23rd Mar 2018

MEPs question French intervention in Ivory Coast

Members of the European Parliament have questioned the nature of French and United Nations intervention in the Ivory Coast, just hours after a final surge resulted in the capture of the country's incumbent president, Laurent Gbagbo.

Paris has denied reports that it was French forces who successfully extracted Gbagbo from a bunker within the presidential palace in the city of Abidjan on Monday evening (11 April), but the dismissals have failed to halt cries of 'neocolonialism'.

Thank you for reading EUobserver!

Subscribe now for a 30 day free trial.

  1. €150 per year
  2. or €15 per month
  3. Cancel anytime

EUobserver is an independent, not-for-profit news organization that publishes daily news reports, analysis, and investigations from Brussels and the EU member states. We are an indispensable news source for anyone who wants to know what is going on in the EU.

We are mainly funded by advertising and subscription revenues. As advertising revenues are falling fast, we depend on subscription revenues to support our journalism.

For group, corporate or student subscriptions, please contact us. See also our full Terms of Use.

If you already have an account click here to login.

Speaking on Tuesday morning with the European External Action Service's (EAS) managing director for Africa, Nicholas Westcott, several members of the European Parliament's foreign affairs committee also expressed doubts over the UN mandate for direct military intervention, seen in recent days.

"I'm uneasy about the type of intervention which occurred in the Ivory Coast, given the role of French forces involved ... We simply jump from one area to another," said Slovenian Liberal MEP Ivo Vajgl, a reference to France's second military operation in Libya.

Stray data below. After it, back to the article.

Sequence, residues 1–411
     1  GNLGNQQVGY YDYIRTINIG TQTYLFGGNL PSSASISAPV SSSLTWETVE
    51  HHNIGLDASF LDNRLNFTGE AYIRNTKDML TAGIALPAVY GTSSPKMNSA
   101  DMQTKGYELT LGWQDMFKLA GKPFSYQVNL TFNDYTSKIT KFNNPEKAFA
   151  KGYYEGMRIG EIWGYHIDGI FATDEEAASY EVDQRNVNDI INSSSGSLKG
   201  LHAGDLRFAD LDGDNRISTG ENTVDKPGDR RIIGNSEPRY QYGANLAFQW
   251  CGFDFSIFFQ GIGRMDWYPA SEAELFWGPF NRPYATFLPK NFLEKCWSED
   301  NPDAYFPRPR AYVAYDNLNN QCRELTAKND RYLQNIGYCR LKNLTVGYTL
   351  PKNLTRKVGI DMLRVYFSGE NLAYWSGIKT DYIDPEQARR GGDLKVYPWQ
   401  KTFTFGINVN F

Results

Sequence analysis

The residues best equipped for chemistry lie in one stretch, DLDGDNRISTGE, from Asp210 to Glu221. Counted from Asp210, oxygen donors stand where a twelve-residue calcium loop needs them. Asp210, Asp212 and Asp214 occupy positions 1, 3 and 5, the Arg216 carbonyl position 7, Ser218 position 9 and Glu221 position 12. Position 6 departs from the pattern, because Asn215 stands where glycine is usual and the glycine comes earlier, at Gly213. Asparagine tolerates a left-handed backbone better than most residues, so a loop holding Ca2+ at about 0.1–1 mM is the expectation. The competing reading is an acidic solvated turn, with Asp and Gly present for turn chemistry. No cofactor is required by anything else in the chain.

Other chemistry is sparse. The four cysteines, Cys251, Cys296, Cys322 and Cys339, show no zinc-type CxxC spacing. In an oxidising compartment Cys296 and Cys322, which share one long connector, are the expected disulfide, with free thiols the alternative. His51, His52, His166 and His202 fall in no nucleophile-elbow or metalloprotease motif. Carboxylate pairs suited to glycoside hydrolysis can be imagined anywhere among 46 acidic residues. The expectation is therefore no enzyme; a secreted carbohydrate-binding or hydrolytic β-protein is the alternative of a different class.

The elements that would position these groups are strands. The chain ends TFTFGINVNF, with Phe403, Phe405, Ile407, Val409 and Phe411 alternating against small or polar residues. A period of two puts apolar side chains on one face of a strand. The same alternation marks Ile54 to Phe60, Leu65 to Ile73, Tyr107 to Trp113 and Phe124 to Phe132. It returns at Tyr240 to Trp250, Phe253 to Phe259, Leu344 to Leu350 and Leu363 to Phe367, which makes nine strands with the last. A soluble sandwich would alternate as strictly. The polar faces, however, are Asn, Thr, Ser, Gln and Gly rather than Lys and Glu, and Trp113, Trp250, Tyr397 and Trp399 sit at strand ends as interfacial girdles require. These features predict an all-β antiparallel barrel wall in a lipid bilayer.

"Has the intervention [in the Ivory Coast] been a success ... there are criticisms that we are moving back to 19th Century colonialism," added Vajgl.

Belgian Socialist MEP Véronique De Keyser also described her "unease" over international actions in the Ivory Coast, which saw French and UN helicopters strike military targets and heavy weapons depots on Monday and Wednesday of last week.

"It seems slightly unusual that the UN was involved in offensive operations," said Conservative MEP Van Orden, also questioning why Zimbabwe had not seen similar action over the years.

The EAS official defended the moves as necessary to limit civilian casualties, after a five-month standoff following disputed presidential elections in the Ivory Coast last November recently broke down into fierce fighting in Abidjan.

"I think people who criticise the French Licorne intervention don't really know what is happening there. It was logical that it protect civilians," Westcott told the committee.

"The United Nations Operation in the Ivory Coast (UNOCI) had from the start quite a robust mandate for the protection of civilians, reinforced over a week ago by resolution 1975."

"I understand the disquiet over the type of intervention, but it took place under the circumstances of a civil war. Gbagbo was clearly intent on keeping himself in power by whatever means possible, including the dropping of mortar bombs on civilians in market places."

On Monday night, the internationally-recognised winner of the presidential elections, Alassane Ouattara, issued a call for calm after national television showed images of Gbagbo being held in a hotel room in Abidjan.

Experts say a huge challenge now lies before Ouattara, with the country's geographic, religious and ethnic divisions running back over a decade. The Ivory Coast has effectively been split in two following a rebellion in 2002.

Recent atrocities committed by both sides are likely to complicate that task, with a report by Human Rights Watch over the weekend detailing how forces loyal to Ouattara: "summarily executed and raped perceived Gbagbo supporters in their homes, as they worked in the fields, as they fled."

EU high representative Catherine Ashton has called for all perpetrators of human rights abuses to be held accountable for their actions, with Ouattara pledging to set up a 'peace and reconciliation committee'.

The question of land reform is also likely to be raised, with a long-running land dispute cited as one explanation behind the reported massacre which took place near the western town of Duékoué earlier this month, an event which saw over 800 people killed, according to the International Committee of the Red Cross.

The Ivory Coast is the world's largest producer of Cocoa, with traders now keen to get back to business after EU-imposed sanctions brought much of the industry to a standstill in recent months.